Instagram Launches Music Channel @music


Instagram is no longer just for making your smartphone images look like cool vintage shots. The Facebook-owned social network will now be promoting music on a dedicated channel.

@Music is the new Instagram channel that the company will use to showcase popular and emerging music. It's the first time that Instagram has promoted a specific kind of content on the network.

The move was announced via in an Instagram post by CEO and co-founder Kevin Systrom. The @music account will aim to give a "behind-the-scenes" look at big-name artists, as well as drawing the spotlight to lesser-known performers.

Along with highlighting musicians, @music will showcase work from music photographers, album illustrators, instrument makers and is also encouraging fans to participate. "In the Instagram tradition, we will also welcome community participation with a new, music-themed monthly hashtag project," Systrom said in the launch statement. 

Among the more than 300 million people who use Instagram, the company says more than 25 percent of the most popular accounts belong to musicians. Since it launched in 2010, the platform has become an integral promotions and communications tool for artists, and a go-to source of news and entertainment for fans.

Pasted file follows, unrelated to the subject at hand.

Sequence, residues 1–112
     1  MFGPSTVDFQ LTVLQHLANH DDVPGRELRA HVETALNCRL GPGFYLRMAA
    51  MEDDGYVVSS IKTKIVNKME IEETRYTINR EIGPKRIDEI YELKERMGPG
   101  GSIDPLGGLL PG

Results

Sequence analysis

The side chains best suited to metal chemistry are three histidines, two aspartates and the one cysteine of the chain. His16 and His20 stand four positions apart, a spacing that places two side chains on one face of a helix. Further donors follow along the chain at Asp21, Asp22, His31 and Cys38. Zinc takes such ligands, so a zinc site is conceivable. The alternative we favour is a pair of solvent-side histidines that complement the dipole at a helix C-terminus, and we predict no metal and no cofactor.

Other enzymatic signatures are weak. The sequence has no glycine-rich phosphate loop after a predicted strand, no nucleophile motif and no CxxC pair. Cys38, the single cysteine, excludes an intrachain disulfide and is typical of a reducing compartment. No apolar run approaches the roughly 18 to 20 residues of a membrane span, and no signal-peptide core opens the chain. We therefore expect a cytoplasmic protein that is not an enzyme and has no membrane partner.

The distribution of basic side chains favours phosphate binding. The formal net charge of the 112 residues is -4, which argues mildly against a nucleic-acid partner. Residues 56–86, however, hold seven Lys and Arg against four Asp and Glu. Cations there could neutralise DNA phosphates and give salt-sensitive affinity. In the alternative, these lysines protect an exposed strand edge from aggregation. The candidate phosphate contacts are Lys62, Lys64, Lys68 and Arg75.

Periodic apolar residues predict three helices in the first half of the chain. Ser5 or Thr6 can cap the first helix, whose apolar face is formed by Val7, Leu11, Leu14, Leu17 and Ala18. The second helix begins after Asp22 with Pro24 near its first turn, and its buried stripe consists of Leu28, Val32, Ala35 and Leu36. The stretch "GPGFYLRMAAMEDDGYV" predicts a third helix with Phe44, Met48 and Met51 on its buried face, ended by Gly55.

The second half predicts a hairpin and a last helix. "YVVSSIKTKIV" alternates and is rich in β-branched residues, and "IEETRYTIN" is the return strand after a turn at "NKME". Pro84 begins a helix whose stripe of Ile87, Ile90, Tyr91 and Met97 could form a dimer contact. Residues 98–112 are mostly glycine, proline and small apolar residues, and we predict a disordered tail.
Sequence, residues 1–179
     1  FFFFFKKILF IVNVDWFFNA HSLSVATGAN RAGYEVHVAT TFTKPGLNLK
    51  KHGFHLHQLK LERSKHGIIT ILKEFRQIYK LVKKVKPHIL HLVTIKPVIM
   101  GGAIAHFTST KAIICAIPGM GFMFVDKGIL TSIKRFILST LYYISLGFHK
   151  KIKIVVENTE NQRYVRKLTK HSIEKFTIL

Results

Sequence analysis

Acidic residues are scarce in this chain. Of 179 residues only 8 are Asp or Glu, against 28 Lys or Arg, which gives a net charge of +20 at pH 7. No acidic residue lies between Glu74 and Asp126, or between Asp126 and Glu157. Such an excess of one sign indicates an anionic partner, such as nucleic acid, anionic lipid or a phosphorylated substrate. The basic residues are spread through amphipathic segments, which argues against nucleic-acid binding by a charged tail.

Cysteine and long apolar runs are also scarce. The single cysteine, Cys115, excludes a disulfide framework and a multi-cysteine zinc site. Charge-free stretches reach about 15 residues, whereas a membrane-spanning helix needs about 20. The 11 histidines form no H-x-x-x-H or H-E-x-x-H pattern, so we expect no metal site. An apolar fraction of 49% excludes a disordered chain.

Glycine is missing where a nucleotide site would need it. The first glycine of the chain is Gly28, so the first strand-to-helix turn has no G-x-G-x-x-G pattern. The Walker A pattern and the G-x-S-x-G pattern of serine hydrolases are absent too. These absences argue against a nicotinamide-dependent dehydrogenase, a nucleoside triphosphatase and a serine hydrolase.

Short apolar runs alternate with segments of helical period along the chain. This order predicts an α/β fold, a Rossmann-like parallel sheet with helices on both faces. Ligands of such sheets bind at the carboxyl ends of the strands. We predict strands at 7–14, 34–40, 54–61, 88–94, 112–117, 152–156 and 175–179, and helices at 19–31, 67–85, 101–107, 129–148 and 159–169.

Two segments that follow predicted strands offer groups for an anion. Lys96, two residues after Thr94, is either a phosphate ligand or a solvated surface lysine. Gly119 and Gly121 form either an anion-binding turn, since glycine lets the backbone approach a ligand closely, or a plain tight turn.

The @music channel will update just once a day, barring Monday when the account takes a rest day. A sample of the content that will be offered includes short profiles of featured artists and a mix of editorial series, including one offering 15-second music lessons and another spotlighting independent artists in cities around the world. The account kicks off on April 29 with profiles of Questlove, the drummer for The Roots, and Tricot, a math-rock band from Japan.

Twitter tried something similar with #music in 2013. The idea was that the hashtag would develop into the destination for sharing and showcasing new music, but it never captured the imagination of the twitterati and was eventually shut down after just six months.

Can Instagram succeed where Twitter failed? Only time will tell, but perhaps one of the reasons that #music didn't work is that fans tend not like being told where to share their music. The idea of big corporations trying to drive the buzz about new music and artists might grate with the anti-establishment ethos of many musicians and fans. 

Photo: Jared Eberhardt | Instagram 

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